Quinnipiac: Anthony Weiner Back on Top

Anthony Weiner (Photo: Getty)
Anthony Weiner (Photo: Getty)

Earlier this afternoon, Quinnipiac University released a new poll taking the temperature of the New York City electorate and found former Congressman Anthony Weiner’s mayoral candidacy in good shape.

And, unlike their last poll that had Council Speaker Christine Quinn narrowly leading the field, today’s survey places Mr. Weiner ahead of the pack, with 25 percent to Ms. Quinn’s 22 percent–similar results to a recent Marist College poll.

Meanwhile, in the comptroller’s contest, former Gov. Eliot Spitzer leads Manhattan Borough President Scott Stringer 48 percent to 33 percent, roughly matching Marist’s recent numbers in that race as well.

“Notoriety has earned the ‘Tabloid Twins,’ former Gov. Eliot Spitzer as Client 9 and former Congressman Anthony (Tweets) Weiner, good initial numbers in the polls,” pollster Maurice Carroll said in a statement. “Whether those numbers hold up in the real poll on Primary Election Day is the big question.”

One difference between Quinnipiac’s last look at the race and today, however, is that former Comptroller Bill Thompson, who saw his support grow to within the margin of error of the the top two contenders, has dropped back down to the same low double-digit territory where others have been mired; Mr. Thompson has 11 percent, Public Advocate Bill de Blasio has 10 and Comptroller John Liu has 7.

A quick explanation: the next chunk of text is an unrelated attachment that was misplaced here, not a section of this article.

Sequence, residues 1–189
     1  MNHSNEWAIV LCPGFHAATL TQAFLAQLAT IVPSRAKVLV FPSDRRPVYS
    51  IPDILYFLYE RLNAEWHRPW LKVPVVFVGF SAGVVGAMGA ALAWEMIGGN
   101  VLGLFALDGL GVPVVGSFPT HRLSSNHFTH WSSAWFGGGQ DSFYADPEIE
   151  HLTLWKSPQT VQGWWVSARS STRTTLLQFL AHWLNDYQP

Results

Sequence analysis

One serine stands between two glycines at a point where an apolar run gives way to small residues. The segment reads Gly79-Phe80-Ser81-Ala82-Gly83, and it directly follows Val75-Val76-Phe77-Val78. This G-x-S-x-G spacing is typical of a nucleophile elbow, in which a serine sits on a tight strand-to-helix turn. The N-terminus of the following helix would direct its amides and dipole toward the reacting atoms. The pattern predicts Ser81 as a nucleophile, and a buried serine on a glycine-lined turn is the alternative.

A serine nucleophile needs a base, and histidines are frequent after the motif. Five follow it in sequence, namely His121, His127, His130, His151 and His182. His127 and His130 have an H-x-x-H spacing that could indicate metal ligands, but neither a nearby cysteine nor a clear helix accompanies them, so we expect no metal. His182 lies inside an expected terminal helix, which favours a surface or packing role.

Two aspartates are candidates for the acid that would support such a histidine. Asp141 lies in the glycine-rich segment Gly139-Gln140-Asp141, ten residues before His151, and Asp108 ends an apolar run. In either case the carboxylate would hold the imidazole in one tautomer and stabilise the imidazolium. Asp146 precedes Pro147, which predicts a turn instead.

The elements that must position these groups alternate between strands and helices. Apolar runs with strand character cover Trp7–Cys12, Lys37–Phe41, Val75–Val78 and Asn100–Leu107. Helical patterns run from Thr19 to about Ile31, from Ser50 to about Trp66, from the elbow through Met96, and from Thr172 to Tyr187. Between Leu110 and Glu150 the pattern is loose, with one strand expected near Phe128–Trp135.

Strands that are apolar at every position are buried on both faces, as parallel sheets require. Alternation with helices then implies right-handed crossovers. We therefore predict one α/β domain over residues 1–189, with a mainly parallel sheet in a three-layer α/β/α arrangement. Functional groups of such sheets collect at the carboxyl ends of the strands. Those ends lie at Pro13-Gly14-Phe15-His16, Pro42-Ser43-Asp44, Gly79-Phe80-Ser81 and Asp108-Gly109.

“Like I said two weeks ago, bad early polls don’t freak me out; good early polls don’t make me dance,” Thompson strategist Jonathan Prince said in a statement. “Fundamentals matter, not public horserace polls with an irrefutable history of undercounting minority performance. See you at the runoff.”

“The polling in this race will continue to change from week to week,” Quinn spokesman Mike Morey echoed. “What won’t change is that Christine Quinn is the only candidate in this race with real ideas to help the middle class and a record of results that proves that she can deliver.”

Of course, even though Election Day is less than two months away, in political campaign terms, it’s still relatively early. The campaigns have yet to start spending their sizable war chests on television advertising, for instance.

Update (4:50 p.m.): Included the Thompson and Quinn campaigns’ response.

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